HISTORY OF VETERANS PLAZA
Upper Arlington is a community of deep commitment to military service. The historical signification of this location begins with the Historical Mallway District, which was the original site of Camp Willis, a temporary training camp for troops being deployed to the Mexican border in 1916.
After World War II in 1945, two pillars were erected at the entrance of Mallway Park along Arlington Avenue with the names of all Upper Arlington residents who served during the war. Click here to view a Tri-Village News article dated January 5, 1945 announcing the project. This served as the first Veterans Memorial at Mallway Park. Over the years–as shown in the timeline to the left–other additions were made to the existing memorial.
In recent years, a group of residents formed a Veterans Committee—including several Veterans of the armed services— and collaborated with the City and Upper Arlington Historical Society to enhance the Veterans Plaza at Mallway Park. The committee successfully secured a State grant of $200,000 to support the project and embarked on a capital campaign and raised an additional $120,000. The City provided $50,000 for support. The Veterans Plaza project included enhancements to the existing memorials listed above, new hardscape and landscape and five pillars featuring interpretative signage about local Veterans.
Completed in the Fall, the Veterans Plaza Project included enhancements to the existing memorials, new landscaping and hardscape and the addition of five pillars featuring interpretative signage of Veterans associated with Upper Arlington.
A Blue Star Memorial Byway Marker was installed by the Serendipity Garden Club to honor past, present and future members of the nation’s Armed Forces.
The City undertook a series of enhancements within the district, as part of the Arlington Avenue Reconstruction Project. This included landscape improvements, new streetlights, benches, brick pavers and improved access for pedestrians and cyclists. Since 2014, a generous donor has funded a beautification project through the Upper Arlington Community Foundation, featuring seasonal flower baskets and planters.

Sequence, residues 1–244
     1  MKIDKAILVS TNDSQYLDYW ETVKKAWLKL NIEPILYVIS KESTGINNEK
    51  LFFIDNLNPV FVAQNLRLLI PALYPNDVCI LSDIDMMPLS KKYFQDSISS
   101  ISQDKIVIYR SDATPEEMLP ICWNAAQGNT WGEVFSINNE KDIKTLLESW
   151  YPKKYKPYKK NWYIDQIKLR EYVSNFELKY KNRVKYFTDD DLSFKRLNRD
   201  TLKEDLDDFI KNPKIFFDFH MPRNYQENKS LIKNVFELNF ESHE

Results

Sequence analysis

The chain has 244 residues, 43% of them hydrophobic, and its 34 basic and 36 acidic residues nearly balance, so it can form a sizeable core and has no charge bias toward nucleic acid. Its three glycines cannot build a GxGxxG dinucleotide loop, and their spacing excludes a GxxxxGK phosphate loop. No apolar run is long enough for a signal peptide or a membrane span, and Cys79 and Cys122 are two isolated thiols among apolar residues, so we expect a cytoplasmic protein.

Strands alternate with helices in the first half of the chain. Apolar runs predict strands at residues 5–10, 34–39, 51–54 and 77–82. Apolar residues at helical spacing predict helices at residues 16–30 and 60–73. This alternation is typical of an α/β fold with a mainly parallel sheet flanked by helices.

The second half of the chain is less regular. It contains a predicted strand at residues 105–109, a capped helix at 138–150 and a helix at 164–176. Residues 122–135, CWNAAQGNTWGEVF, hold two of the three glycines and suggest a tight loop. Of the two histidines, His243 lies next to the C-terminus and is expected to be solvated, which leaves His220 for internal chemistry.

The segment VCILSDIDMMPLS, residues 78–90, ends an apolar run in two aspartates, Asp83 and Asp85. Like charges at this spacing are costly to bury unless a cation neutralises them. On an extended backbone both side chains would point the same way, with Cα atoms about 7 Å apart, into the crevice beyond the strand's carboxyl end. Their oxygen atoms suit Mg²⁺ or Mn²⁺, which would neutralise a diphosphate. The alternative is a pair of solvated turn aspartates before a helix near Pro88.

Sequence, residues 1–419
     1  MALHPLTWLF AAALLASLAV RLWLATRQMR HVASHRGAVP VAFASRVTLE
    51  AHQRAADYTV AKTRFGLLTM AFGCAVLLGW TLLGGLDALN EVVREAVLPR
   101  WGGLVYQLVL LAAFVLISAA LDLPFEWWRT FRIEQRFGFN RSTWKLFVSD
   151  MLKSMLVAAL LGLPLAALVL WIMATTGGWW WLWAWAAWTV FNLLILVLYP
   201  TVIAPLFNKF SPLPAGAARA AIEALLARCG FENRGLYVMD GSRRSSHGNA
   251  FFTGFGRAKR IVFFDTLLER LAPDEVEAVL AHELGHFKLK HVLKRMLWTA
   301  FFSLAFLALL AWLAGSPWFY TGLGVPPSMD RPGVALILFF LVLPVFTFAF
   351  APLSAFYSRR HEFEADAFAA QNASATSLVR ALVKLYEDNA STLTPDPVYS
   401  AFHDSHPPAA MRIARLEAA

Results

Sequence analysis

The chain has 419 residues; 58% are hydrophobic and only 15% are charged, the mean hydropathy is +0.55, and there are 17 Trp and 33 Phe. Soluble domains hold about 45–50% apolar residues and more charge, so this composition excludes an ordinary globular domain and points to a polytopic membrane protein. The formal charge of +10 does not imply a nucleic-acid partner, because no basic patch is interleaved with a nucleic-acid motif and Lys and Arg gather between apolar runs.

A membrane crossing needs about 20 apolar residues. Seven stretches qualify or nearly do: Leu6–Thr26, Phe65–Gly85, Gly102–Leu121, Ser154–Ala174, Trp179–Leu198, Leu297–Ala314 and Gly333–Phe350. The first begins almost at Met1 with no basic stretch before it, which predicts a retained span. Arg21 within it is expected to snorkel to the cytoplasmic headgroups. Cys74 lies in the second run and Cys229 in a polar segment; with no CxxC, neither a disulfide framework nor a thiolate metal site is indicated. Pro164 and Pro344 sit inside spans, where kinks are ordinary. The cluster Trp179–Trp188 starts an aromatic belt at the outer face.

On November 11, 1990, plaques for Veterans of the Korean War and the Vietnam War were added to the park by the existing WWII Memorial. In 1990, there was also an unsuccessful effort to re-establish the Flame of Freedom.
The Flame was extinguished during the national energy crisis.
On Memorial Day 1969, the “Flame of Freedom” gas torch was installed and dedicated above the two WWII columns. It was presented to the City by the Upper Arlington Post of the American Legion in celebration of its 50th anniversary.
In June of 1968, a historical marker about Camp Willis was installed as part of Upper Arlington’s Golden Anniversary. The marker was sponsored by the City and Upper Arlington Civic Association.
The War Memorial Gateway was constructed to honor those who are or will serve in the armed services of our Country. Installation of pillars with a World War II honor roll.
Hear the stories of military service directly from Veterans that have called Upper Arlington “home.” A project of the Upper Arlington Historical Society.
How does a small New Mexico border town with the uncanny name of Columbus factor into our local history?
In March 1916, Mexican revolutionary General Francisco “Pancho” Villa raided that town, killing 17 Americans. President Woodrow Wilson immediately ordered the U.S. Army to secure the border and prevent further attacks.
Ohio Governor Frank Willis was granted the authority to seize land where the Ohio National Guardsmen could gather, train and prepare for this duty. The fledgling community of Upper Arlington presented an ideal location — close to downtown with newly paved streets and very few homes yet built. “Camp Willis” extended from Lane Avenue to the north and Fifth Avenue to the south including a hub of activity on the very site of our current Veterans Plaza.
One can imagine the scene of constructing – in a hasty fashion – buildings for officer’s quarters, mess hall, warehouses, and latrines for approximately 11,000 troops. This halted development in Upper Arlington and stranded the six families living in the first occupied houses. All could remain in their homes, but their movements to and from their residences required gate passes and military escorts.
The photos and letters home – handwritten by Frank Clyde Sweet in July and August 1916 – give a glimpse of daily life within Camp Willis.
By September 1,1916, the camp was nearly empty as troops boarded trains for El Paso, Texas. In its wake, Camp Willis left miles of paved roads, sewer lines and gas lines laid by the King Thompson Company in shambles, and the building our of community had to begin anew.
VETERANS IN OUR COMMUNITY
Memories of World War II
The UA Archives holds a collection of memoirs written by participants in an Upper Arlington Senior Center Program in an effort to preserve their memories of World War II.
National Veterans Memorial and Museum
Located in downtown Columbus, the National Veterans Memorial and Museum takes visitors on a narrative journey telling individual stories and shared experiences of Veterans throughout history. Paying tribute to the sacrifices of servicemen and women and their families.
The UA Archives holds an expansive collection of personal artifacts, quotes, letters and photographs from community members. Search through Norwesters–the Yearbook for Upper Arlington Schools–and old photographs submitted by residents and family members to experience the proud military history of the community.